Herschensohn
Herschensohn

The administrators of the city’s historic preservation program, exercising their police power issued on Oct. 22, 2018 a Preliminary Certificate of Approval for the alterations to the Century 21 Coliseum (AKA the Key Arena) and surrounding landmarks.

I cringe using the words “police power” when it comes to historic preservation, yet they describe a key factor in protecting the designated landmarks in our community. Interestingly, the power to control what happens to designated structures increases significantly the more local the jurisdiction.

Federal law does not prohibit owners from tearing down registered properties or altering them in any way the owner sees fit. Listing on the National Register of Historic Places only means that when federal dollars are to be spent on a project such as a new highway, the historic landmark must be evaluated and preferably protected. State law tends to mimic federal law when it comes to historic landmarks. At both the federal and state levels, environmental impact statements are the usual tool for evaluating whether to demolish or alter registered buildings or, in the case of historic districts, entire neighborhoods.

Locally, historic landmarks have lots of protection, but the “police” need our help. Once the Seattle Landmarks Preservation Board (a terribly overworked 12-person board of volunteers) designates a building a landmark, its owner negotiates an agreement with the city for its preservation. Called ‘Controls and Incentives,’ the agreement specifically calls out those features of a landmark that cannot be altered and those that can. Each building or historic district designated by the LPB must be approved by an ordinance voted by the city council and signed by the mayor. The ordinance includes the Incentives and Controls agreement. In other words, the landmark designation of a building is in fact a law, and violating it is a crime (of sorts). That means protected buildings cannot be changed without permission from the city’s Landmarks Preservation Board or, for minor changes, its staff.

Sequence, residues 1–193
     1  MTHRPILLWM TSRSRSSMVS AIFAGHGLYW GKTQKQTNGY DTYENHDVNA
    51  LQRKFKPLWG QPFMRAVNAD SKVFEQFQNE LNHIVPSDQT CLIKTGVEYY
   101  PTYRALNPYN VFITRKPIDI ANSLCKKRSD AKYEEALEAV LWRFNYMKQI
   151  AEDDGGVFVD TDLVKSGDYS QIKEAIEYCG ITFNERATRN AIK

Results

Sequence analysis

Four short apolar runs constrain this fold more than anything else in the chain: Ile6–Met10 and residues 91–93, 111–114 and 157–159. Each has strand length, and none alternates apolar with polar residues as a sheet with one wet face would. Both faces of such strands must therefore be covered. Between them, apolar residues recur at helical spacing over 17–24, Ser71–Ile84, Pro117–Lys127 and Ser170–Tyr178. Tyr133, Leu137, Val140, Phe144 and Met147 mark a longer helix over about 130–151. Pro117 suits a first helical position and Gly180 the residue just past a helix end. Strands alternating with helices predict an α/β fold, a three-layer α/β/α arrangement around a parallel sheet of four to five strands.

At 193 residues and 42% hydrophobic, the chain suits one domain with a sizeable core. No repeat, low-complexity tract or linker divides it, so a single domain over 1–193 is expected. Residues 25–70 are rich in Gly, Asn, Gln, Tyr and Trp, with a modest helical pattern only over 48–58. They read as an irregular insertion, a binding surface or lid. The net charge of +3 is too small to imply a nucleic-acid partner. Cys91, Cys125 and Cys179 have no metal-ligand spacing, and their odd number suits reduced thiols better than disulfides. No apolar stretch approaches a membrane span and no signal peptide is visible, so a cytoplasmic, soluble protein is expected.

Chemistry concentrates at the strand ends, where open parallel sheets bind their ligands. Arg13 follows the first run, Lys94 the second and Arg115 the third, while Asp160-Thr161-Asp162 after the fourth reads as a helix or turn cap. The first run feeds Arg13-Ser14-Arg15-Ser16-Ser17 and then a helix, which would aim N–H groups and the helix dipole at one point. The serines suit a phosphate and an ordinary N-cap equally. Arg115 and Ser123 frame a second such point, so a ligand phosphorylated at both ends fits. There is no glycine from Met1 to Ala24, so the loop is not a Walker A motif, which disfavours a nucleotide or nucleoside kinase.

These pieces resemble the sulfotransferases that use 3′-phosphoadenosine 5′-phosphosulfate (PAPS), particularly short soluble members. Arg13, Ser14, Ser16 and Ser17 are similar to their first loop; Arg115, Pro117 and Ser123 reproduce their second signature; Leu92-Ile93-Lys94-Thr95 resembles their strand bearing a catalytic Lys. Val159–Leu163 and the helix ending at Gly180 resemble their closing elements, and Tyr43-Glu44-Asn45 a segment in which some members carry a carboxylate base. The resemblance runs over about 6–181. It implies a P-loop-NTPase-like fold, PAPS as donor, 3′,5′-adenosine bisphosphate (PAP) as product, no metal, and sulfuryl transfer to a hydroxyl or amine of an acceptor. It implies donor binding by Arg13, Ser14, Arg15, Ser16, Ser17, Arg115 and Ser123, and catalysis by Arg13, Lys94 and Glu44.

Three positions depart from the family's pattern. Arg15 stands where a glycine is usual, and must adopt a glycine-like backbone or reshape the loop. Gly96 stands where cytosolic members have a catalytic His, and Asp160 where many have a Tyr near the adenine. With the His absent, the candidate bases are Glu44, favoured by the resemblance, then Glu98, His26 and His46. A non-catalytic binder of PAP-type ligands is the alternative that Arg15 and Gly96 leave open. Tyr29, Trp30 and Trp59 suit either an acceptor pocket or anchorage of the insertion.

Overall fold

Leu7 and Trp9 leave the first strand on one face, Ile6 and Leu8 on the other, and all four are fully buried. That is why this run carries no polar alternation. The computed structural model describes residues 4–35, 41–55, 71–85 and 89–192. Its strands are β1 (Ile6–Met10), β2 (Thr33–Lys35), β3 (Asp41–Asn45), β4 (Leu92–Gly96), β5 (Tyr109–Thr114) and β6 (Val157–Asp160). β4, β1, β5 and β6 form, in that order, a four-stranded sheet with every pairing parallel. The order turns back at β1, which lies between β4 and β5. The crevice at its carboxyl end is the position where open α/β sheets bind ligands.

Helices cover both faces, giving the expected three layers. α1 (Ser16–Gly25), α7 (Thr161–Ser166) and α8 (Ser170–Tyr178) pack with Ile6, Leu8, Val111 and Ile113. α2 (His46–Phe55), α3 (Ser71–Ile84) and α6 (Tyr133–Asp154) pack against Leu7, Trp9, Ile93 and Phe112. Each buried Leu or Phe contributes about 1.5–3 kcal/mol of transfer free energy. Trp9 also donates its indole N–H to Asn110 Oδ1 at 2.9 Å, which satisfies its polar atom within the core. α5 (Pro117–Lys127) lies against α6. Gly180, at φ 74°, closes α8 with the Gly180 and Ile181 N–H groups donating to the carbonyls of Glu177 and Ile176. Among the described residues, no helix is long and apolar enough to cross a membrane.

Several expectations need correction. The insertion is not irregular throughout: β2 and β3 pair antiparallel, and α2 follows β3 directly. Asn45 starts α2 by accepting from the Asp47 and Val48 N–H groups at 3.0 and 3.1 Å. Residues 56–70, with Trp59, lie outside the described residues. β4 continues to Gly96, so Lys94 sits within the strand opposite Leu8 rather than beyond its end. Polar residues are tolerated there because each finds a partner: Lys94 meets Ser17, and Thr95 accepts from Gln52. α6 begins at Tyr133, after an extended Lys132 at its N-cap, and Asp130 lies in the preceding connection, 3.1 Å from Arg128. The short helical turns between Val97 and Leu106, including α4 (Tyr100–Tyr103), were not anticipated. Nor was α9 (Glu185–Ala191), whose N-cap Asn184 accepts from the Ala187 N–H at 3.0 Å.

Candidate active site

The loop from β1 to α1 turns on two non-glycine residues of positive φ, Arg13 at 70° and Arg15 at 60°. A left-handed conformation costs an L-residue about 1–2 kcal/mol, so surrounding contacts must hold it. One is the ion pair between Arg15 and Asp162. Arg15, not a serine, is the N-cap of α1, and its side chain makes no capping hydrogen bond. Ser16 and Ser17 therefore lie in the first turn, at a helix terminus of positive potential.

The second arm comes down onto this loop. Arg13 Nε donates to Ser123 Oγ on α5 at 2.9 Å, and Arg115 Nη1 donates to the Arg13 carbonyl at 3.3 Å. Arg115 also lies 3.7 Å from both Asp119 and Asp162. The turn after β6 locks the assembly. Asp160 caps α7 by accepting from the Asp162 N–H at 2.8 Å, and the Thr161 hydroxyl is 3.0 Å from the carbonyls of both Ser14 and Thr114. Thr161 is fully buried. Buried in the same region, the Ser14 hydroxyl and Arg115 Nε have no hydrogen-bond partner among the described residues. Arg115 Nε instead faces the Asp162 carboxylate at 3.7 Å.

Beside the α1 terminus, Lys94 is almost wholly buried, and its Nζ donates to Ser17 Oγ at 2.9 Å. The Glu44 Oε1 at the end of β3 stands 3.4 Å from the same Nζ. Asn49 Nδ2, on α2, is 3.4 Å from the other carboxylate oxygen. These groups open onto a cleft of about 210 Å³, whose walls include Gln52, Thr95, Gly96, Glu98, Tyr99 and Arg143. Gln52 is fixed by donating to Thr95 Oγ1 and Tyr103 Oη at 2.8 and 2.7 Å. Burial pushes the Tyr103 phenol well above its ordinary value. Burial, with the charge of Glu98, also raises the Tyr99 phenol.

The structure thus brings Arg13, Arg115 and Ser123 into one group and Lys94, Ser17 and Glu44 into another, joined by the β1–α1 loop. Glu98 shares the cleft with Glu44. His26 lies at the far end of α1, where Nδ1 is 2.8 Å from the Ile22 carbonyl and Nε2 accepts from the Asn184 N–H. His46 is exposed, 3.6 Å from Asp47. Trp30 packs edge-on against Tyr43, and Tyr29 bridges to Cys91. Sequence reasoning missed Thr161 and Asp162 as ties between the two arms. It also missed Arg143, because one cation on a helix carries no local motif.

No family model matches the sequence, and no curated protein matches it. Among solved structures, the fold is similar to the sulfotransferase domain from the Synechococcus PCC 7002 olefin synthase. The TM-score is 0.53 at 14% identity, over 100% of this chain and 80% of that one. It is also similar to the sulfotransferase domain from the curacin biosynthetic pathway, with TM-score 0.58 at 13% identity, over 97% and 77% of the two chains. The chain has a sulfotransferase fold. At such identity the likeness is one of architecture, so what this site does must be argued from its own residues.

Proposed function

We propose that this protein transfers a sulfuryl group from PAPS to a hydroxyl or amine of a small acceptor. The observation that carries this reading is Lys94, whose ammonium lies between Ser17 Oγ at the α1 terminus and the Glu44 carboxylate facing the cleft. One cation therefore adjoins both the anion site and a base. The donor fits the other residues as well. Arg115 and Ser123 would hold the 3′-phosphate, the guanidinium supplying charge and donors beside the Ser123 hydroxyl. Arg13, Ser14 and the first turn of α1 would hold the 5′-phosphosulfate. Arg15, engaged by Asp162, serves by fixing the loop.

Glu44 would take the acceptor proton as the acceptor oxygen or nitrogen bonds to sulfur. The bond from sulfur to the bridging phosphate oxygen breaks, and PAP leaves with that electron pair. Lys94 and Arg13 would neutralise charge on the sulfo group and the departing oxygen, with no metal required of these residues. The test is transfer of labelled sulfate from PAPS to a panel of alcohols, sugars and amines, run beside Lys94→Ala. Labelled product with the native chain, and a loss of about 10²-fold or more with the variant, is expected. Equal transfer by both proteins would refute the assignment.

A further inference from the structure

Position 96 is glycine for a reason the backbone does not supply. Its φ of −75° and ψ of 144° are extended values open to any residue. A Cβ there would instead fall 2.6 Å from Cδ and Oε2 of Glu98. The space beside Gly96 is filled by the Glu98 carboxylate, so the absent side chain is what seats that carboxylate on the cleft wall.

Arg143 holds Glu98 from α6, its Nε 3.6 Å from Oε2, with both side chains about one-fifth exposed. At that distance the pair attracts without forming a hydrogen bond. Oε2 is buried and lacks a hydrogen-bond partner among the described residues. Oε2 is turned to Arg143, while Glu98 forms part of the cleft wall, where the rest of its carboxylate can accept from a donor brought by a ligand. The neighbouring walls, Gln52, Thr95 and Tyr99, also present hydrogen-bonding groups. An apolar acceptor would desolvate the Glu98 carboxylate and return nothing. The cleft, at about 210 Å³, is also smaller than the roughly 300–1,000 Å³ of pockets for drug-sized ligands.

In a nutshell, the seven people on the staff serving the LPB, all employees of the city’s Department of Neighborhoods, have the power to issue a stop-work notice if a building owner attempts to violate the terms of the ordinance protecting their building. They are in fact the historic preservation police. Of those seven people, only two people split oversight of the more than 400 buildings designated as individual landmarks, and that is not the limit of their responsibility. The city’s historic districts each have a staff member watching over them. In fact, one of the people in charge of individual landmarks also administers the Sand Point Historic District while the other also serves as the City Historic Preservation Officer.